Estate Planning & Trusts

We Help With Estate Plans & Trusts

Experienced Estate Planning Attorneys

We help clients structure their affairs to carry out their wishes with a focus on minimizing costs and stress related to transfers.  This also includes defensive asset protection planning and income, estate, and gift tax planning.

Estate Planning Documents

When you think of estate planning, you probably think of wills and trusts. These are the major components of most estate plans.

    1. Will: The will is the standard document in most estate plans. The will names an executor, or personal representative, to administer the distribution of your assets as you intend. Your will can also appoint guardians of minor children who will oversee their custody and care until they become adults.
    2. Personal Property Memorandum: Although not a valid will, this document can be part of a will.  It directs your executor on how to distribute your tangible personal property items such as furniture, jewelry, artwork and other things not specifically addressed in the will. This can be changed over time.
    3. Living or Revocable Trust: A revocable trust holds and provides management of your assets for your benefit while you are alive and names the people who will receive the property when you die. These trusts can also help with planning for incapacity, to keep out-of-state property from going through probate, or for tax planning purposes when the estate is substantial.  

The Other Estate Planning Documents

There are other estate planning documents that should be considered. Here are a few of them:

    1. Durable Power of Attorney (Financial Agent): This document appoints a trusted family member, friend, or advisor as an agent to act on your behalf for financial and legal matters while you are alive but become incapacitated by some event such as a car accident, illness, stroke, or heart attack. It is important to have this in place before such an event because once you become incapacitated, you cannot execute this agreement. Therefore, we recommend that you make it effective immediately to make it easier to use if needed.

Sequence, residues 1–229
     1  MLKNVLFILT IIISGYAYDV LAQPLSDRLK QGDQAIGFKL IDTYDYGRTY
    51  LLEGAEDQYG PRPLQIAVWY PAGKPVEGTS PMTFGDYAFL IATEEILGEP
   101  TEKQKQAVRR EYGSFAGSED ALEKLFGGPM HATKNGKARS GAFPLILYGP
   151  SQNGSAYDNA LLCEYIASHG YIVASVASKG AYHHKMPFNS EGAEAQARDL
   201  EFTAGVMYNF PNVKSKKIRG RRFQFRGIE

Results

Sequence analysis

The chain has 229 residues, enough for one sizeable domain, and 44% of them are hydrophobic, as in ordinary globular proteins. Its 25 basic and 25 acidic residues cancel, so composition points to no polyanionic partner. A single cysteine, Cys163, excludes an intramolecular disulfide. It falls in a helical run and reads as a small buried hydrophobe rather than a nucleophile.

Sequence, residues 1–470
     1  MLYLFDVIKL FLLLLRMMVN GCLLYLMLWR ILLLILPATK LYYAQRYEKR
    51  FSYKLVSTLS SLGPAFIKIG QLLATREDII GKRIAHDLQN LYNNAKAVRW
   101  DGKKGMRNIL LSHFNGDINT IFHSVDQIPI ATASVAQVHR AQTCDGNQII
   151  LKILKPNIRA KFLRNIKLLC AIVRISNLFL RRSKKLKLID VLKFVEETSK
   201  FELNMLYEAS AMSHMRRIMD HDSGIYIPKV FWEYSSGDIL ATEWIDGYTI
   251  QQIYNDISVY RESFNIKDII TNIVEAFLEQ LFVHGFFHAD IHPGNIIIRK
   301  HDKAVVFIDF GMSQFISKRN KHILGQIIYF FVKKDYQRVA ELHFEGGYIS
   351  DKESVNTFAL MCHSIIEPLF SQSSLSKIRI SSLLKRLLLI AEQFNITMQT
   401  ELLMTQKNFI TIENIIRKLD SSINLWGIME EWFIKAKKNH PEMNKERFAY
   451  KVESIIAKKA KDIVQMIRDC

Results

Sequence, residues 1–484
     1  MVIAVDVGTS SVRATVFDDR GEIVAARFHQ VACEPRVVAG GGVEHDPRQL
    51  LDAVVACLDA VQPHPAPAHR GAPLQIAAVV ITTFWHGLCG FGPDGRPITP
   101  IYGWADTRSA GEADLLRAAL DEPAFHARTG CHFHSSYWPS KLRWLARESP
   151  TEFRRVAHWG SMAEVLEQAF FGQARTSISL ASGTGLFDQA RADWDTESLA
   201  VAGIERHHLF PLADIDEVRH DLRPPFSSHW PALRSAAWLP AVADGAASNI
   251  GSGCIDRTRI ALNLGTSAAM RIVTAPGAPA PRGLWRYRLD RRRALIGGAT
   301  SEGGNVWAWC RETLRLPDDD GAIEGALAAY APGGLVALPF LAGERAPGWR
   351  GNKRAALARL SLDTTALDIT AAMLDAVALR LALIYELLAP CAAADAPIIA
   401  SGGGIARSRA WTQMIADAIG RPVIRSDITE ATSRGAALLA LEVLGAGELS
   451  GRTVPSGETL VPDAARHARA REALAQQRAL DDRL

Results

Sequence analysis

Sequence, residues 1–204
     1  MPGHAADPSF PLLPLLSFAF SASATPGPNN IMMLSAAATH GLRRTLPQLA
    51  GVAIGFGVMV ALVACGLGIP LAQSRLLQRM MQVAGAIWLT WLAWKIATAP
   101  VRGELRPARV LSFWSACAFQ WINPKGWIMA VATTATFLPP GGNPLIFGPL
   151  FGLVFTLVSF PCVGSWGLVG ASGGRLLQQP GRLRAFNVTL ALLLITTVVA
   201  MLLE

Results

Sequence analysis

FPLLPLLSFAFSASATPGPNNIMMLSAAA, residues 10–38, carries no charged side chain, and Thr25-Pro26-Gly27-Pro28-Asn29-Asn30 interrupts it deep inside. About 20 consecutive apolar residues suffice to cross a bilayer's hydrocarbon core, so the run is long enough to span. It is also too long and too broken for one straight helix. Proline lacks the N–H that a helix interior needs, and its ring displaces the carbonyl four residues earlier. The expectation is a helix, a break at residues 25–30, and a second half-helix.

2. Medical Power of Attorney and HIPAA Release (Medical Agent): This document appoints someone you trust (agent) to make medical decisions for you when you no longer can. Also, the HIPPA release gives the agent authority to discuss your medical care with the doctors and access your medical records.
    3. Directive to Physicians (also called a “Living Will”): This is an in-hospital directive that directs the physician on your “end-of-life” care wishes, rather than leaving them up to the agent named in your Medical Power of Attorney or the doctor. This document covers the situation when you have a terminal or irreversible condition and are unable to communicate your wishes, allowing you to choose to die comfortably or use life-sustaining treatment, such as a ventilator, feeding tube, or resuscitation.
    4. Out-of-Hospital Do-Not-Resuscitate Order (OOH-DNR): This is an out-of-hospital directive that directs paramedics or other healthcare professionals on whether to withhold or withdraw life-sustaining treatments in the event of a respiratory or cardiac arrest. Examples of out-of-hospital settings include long-term care facilities, in-patient hospice facilities, private homes, hospital outpatient, emergency departments, physician’s offices, and vehicles during transport. The prohibited life-sustaining treatments include CPR, transcutaneous cardiac pacing (electrical impulse from pads applied to chest), defibrillation (electrical shock to chest), airway management (tube inserted down the throat for the worker to breathe for the patient), artificial ventilation (mask and bag used to force air into the patient’s lungs).
    5. Survivorship Agreement for Community Property:  By default, community property does not include survivorship rights. On the death of one spouse, his or her interest in the property passes to his or her estate instead of directly to the surviving spouse. Married couples can change this result by filing this document in the deed records.